With The Launch Of Provisions, Food 52 Now Wants You To Cook, And Shop, Better

Online cooking community Food 52 lives and breathes and sculpts things out of pecans and dark chocolate with the mantra "memorable cooking doesn't have to be complicated or precious." And a spin around the website proves that the mission is hardly marshmallow fluff. You won't find too many macaron how-tos or tales of foraging for bugleweed. Recipes are written with a singular end-result in mind — preparing seasonally minded meals, large and small, in a home kitchen. They also answer questions like what happens when avocados and berries meet? The site also hosts an annual online cookbook battle royale, christened Piglet.

Founded by journalists Amanda Hesser and Merrill Stubbs in 2009, F52 is a different kind of cooking site. Unlike traditional cooking magazines, recipes are sourced from a passionate community of home cooks, rather than developed in a test kitchen. (Though, F52 does test and develop some of the recipes.) But up until today, the website has been a content-only proposition. Need a hard-to-source bottle of New Mexican green chili powder? Good luck.

Enter Provisions By Food 52, the company's foray into the retail business. "We sample every product we sell," says Hesser. As of today's launch, there are 104 products available, with more being added weekly. A preview of the store reveals five core categories: Kitchen (cookware, tools, storage), Table (dinnerware, barware), Outdoor (grilling accessories), Pantry (spices, grains) and a robust Exclusive section that, as the name implies, peddles products sourced exclusively from vendors like Oaktown Spice Shop and Jacobsen Salt Co.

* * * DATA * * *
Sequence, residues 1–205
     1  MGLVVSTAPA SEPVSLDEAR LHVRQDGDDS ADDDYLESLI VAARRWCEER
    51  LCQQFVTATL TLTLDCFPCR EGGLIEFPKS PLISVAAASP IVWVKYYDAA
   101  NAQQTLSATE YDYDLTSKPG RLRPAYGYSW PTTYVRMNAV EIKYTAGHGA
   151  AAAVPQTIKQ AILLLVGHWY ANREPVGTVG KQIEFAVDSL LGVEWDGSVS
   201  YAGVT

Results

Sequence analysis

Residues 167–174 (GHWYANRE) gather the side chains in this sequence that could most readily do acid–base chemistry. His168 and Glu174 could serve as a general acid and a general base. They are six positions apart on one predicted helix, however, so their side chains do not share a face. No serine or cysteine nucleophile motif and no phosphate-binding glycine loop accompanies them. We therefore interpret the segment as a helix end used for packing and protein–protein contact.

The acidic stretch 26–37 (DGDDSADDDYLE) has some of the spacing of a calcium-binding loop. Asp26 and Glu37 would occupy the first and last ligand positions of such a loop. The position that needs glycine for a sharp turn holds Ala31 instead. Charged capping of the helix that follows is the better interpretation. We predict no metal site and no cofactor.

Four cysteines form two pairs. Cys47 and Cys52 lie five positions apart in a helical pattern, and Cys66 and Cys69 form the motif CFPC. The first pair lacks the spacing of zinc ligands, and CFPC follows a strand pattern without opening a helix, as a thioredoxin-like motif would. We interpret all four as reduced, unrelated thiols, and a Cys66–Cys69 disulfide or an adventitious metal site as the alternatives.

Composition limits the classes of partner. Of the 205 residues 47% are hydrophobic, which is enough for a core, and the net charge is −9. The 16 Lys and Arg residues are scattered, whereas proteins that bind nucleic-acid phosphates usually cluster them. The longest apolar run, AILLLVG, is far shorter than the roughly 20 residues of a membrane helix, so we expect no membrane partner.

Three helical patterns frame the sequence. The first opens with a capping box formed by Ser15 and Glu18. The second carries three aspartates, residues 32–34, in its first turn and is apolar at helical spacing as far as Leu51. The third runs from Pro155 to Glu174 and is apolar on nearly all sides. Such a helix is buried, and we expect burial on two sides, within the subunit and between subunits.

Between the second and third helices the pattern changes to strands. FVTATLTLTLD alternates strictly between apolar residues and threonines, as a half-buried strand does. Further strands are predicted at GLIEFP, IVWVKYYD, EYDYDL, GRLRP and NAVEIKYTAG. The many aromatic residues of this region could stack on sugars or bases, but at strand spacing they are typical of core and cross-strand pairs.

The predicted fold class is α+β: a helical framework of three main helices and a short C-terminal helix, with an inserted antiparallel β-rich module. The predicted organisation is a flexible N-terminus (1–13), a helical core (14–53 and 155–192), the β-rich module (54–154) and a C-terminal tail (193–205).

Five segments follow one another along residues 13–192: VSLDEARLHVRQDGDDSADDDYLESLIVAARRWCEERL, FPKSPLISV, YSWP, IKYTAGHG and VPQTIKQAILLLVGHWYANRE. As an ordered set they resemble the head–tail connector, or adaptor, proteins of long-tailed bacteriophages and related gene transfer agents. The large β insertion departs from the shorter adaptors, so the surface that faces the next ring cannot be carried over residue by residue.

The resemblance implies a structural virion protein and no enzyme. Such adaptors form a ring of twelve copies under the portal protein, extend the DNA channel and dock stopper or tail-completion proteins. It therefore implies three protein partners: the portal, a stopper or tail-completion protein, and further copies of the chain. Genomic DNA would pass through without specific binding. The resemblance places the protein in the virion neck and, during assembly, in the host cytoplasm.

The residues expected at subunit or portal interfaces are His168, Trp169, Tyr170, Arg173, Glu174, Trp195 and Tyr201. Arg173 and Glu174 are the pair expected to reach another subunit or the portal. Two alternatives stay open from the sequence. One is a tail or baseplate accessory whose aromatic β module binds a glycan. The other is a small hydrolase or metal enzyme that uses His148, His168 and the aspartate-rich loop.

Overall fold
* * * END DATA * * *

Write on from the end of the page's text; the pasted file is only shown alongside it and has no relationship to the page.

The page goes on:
Hesser says that all of the 104 products available at launch have been used in the F52 offices, originate from the F52 community or are found by a team of so-called "Pinterest Scouts." "We receive lots of inbound requests and can't stock everything that is pitched," she adds.

Selling a line of well-curated culinary products is certainly nothing new. Dean & Deluca invented the game long ago, while regional stores like Di Bruno Bros. (Philadelphia) and Zingerman's (Ann Arbor) have ramped up their web operations in recent years. But until now, it's proven difficult for a content-focused operation to make the leap to retail. Gilt Taste launched in 2011 with great fanfare (and Ruth Reichl as editorial advisor and emissary to the food world), but soon found it difficult to link their high-end store (selling spendy cuts of dry-aged meat and $600 Japanese knives) to an award-winning web magazine.

When asked how Provisions will succeed where Gilt Taste failed, Hesser is clear and confident. "Every product is presented with related content from Food52 that helps you contextualize it and make the most out of it," she says. She points to an $18 Boston-shaker. The page doesn't just provide product information, but a martini recipe, tutorial on zesting citrus for garnishes and an article on the best type of ice to use for different kinds of drinks. Provisions will also release weekly Collections, which will serve as mini editorial features linking the store to a timely subject like seasonal produce and entertaining.

Hesser admits that the leap to retail will not be easy, but she's up for the challenge. "It's hard to patch content onto commerce and have it feel authentic or useful. We started out primarily as a content company, and have spent the past couple of years building an audience who trusts us — and each other — to highlight only the best food and cooking content. Provisions is about extending that to products as well."